going whole hog on a tiny house build

Over spring break I had the chance to help a friend built the shell of her Tiny Barn and I apprenticed with Orange Splot for My Summer Dream Job: Tiny House Design Building. In July we got Brittany's Tiny House On the Road again and I lived in an ADU which I dubbed My Summer Garden Cottage. I spent my days Going Whole Hog on the Tiny House, working on Tiny House Insulation, Roofing, and Interior Walls. The tiny house was featured on the Build it Green (BIG) Tour in September. I was able to use these design-building experiences as my practicum project for my Certificate in Sustainable Design and Building at Yestermorrow Design Build School in Vermont.

home, sweet yurt

I've been interviewed by journalism students for OR Magazine, by newspapers like the Portland Tribune, by a Canadian TV station, and by Vermont Public Radio. I'm also scheduled to do an interview with my friend John for  Portlandia's The Real Portland. Meanwhile, I've considered a plethora of tiny house issues such as Tiny Home Improvement, Shrinky-Dink PorchesTop 10 Reasons to Pick An Envi Heater, Creative Tiny House Storage Solutions, why Tiny Houses Turn Their Backs on the Street, and Tiny House Insurance (or lack thereof).

Now I'm Downsizing from a Tiny House to a Tinier House and, inspired by the 100 Thing Challenge, I'm currently Inventorying & Packing Up so that I can embark upon My Things Challenge. For the next school year I'll be living in a 113 square foot yurt in inner Portland, so the tiny adventures will continue. Thanks for following along everyone. Here's to another great year of the Little Life!

Portland Tumbleweed Tiny House Workshop = Brilliance + Connections

Happy Birthday Denny! It was a delight to attend the Portland Tumbleweed Tiny House Workshop this weekend! I was honored that Dee Williams asked me to participate in a panel on Saturday afternoon and open up the tiny house I'm renting for a walk-through for the participants afterwards. I arrived bright and early and had a chance to meet several of the participants, including Denny who is so tiny house obsessed that he decided to celebrate his birthday by attending the tiny house workshop. He even brought along the tiny house birthday cake commissioned by excellent friends who support Denny's passion. As people introduced themselves we discovered that there were participants from as far away as Plano, TX and Anchorage, AK. Some had recently learned about tiny houses and some had been fascinated for years. People looking for a place to park connected up with people who own property and people who are eager to turn their designs into a structure met experienced builders.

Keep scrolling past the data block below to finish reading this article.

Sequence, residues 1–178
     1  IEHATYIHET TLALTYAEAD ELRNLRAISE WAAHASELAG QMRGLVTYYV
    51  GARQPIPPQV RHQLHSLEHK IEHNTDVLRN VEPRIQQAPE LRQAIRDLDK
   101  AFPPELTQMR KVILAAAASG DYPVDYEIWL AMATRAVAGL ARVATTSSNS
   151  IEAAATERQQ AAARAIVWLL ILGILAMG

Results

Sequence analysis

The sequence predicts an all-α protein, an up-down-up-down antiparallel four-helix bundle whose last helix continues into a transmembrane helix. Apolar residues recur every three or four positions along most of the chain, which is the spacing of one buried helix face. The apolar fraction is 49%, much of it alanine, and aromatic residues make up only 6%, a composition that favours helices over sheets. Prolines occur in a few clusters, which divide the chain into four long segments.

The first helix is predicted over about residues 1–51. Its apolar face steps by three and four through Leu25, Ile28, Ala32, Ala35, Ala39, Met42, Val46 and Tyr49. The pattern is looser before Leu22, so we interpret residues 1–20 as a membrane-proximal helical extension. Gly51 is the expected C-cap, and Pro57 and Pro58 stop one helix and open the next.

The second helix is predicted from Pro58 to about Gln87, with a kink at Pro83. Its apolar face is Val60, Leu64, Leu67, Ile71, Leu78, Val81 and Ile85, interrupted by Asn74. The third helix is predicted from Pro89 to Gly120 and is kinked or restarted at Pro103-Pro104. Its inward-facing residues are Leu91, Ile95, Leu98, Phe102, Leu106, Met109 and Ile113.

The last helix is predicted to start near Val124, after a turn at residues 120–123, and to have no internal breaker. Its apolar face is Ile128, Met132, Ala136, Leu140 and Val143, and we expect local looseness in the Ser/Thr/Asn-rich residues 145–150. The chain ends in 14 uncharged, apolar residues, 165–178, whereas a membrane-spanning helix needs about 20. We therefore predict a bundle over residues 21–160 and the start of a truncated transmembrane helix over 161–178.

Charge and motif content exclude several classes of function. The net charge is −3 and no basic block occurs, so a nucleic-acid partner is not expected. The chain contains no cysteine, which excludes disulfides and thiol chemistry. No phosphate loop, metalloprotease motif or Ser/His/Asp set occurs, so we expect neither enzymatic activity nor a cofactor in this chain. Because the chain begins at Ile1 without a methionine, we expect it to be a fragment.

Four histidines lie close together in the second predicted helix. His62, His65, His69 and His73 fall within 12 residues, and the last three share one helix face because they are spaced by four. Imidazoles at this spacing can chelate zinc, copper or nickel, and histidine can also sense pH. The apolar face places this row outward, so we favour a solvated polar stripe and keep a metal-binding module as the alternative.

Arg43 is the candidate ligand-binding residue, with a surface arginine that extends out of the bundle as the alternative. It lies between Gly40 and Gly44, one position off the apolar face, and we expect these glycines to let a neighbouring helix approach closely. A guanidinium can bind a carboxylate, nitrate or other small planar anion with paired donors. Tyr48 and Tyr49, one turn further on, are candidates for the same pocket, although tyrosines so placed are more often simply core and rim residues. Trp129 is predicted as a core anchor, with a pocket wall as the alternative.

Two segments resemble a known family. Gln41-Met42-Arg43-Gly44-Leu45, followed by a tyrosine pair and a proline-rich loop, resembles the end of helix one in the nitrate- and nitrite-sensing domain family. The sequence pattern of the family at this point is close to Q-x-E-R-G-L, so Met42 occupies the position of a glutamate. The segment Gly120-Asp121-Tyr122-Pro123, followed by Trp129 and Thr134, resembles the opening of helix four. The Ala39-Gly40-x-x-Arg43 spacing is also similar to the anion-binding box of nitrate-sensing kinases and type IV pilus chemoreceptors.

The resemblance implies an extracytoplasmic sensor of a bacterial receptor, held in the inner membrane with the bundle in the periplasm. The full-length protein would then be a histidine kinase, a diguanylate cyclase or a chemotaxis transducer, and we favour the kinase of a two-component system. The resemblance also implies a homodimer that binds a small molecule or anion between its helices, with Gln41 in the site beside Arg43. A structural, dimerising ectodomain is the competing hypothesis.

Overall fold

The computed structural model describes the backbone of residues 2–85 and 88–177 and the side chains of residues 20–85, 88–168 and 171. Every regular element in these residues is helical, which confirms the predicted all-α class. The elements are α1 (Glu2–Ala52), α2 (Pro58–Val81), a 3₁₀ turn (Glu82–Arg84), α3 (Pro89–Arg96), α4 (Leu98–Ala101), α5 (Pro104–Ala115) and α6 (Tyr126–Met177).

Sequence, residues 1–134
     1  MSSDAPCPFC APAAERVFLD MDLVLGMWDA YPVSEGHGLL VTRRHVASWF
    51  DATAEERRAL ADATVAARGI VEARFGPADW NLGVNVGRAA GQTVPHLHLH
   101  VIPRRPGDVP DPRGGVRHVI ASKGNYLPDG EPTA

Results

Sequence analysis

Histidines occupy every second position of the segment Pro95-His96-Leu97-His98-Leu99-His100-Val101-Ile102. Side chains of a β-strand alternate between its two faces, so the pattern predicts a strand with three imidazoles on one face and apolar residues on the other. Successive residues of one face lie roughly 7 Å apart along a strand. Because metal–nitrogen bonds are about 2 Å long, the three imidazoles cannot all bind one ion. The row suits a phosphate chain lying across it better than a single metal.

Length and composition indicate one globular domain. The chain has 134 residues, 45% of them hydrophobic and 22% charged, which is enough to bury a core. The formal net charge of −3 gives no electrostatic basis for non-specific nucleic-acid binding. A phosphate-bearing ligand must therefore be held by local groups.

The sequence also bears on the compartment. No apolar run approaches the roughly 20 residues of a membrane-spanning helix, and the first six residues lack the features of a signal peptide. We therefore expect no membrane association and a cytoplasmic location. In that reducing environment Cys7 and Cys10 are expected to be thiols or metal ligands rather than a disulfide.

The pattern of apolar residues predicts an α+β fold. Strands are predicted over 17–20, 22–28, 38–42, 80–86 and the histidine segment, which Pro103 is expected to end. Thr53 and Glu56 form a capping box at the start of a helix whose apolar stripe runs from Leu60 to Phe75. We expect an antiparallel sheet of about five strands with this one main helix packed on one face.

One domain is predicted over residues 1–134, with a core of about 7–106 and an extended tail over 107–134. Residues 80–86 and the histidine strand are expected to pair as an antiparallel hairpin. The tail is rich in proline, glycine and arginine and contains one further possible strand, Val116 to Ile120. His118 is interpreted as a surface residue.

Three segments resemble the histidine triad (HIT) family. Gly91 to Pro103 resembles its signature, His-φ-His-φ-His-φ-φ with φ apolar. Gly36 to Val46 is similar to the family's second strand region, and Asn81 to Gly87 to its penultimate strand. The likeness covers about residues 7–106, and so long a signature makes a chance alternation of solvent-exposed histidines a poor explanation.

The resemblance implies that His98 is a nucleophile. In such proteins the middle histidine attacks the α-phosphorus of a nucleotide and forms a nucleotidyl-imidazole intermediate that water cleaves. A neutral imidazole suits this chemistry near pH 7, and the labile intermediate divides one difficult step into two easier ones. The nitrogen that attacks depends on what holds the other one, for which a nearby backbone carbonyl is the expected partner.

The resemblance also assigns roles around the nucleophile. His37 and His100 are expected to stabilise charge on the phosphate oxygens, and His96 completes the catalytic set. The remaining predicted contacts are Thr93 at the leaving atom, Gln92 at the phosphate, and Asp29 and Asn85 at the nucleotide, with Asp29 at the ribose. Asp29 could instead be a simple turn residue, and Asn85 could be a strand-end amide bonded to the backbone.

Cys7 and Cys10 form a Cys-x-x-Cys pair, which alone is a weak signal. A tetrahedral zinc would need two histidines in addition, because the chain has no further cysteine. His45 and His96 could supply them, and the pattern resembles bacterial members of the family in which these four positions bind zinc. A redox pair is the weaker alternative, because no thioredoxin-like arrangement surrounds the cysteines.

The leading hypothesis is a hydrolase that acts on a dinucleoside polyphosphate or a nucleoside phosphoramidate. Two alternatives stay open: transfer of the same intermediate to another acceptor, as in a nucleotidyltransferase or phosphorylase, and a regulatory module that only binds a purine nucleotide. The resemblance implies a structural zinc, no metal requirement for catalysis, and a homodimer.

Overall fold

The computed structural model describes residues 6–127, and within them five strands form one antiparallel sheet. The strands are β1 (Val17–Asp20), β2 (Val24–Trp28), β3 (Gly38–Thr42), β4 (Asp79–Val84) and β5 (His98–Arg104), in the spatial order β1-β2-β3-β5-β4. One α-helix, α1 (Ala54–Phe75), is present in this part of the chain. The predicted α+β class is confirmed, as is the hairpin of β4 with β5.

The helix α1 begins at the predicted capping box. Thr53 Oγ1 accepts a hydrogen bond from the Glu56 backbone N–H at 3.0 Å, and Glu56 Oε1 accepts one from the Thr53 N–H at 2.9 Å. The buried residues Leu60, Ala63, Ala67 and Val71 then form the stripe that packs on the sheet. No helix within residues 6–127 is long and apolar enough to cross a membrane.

Britt's Bungalow: a tiny tester

Throughout the day Dee Williams, in all her glorious exuberance, wit, and wisdom, shared tiny house considerations such as wall systems, trailer and roof attachments, and moisture management. Over a lunch of food cart deliciousness, I joined a group of tiny house enthusiasts for discussion of downsizing and community-building. In the afternoon Brittany, Michelle, and I shared our experiences of living in a tiny house, including our inspirations and what we would do differently. I explained that I feel extremely lucky to have had the opportunity to try on the little life before building my own tiny house. We encouraged participants to rent Brittany's Bayside Bungalow by the weekend this summer to see what it's like to live in a tiny house. Brittany's website is up and running and she's now taking reservations.

tiny house potluck

Then fifty-ish people came over for a tiny house tour of Britt's Bungalow, taking turns in small batches to note all the details of the wee abode. A dozen or so workshop participants stuck around for the tiny house potluck afterwards, which was the highlight of an already splendid day. There's a fantastic tiny house community here in Portland and several tiny house dwellers joined us for the potluck. It was fun to watch the synergy as workshop participants asked questions of Portland tiny house dwellers, builders, and designers. My friend Emily Morris, who is a videographer, started filming for the movie she's making about Portland's tiny house community. I also got confirmation from a couple leaders for the upcoming Pedalpalooza Tiny Home Tour on Sunday, June 24th from 10AM-1PM which will feature 5 tiny houses in Portland.

Brittany and I were too exhausted by the end of the day to participate in the World Naked Bike Ride, but we considered it a Saturday very well spent. I look forward to seeing what comes of all these connections. Thanks for coming to Portland everyone. And special thanks to Dee, Brittany, and Tumbleweed for an incredible workshop!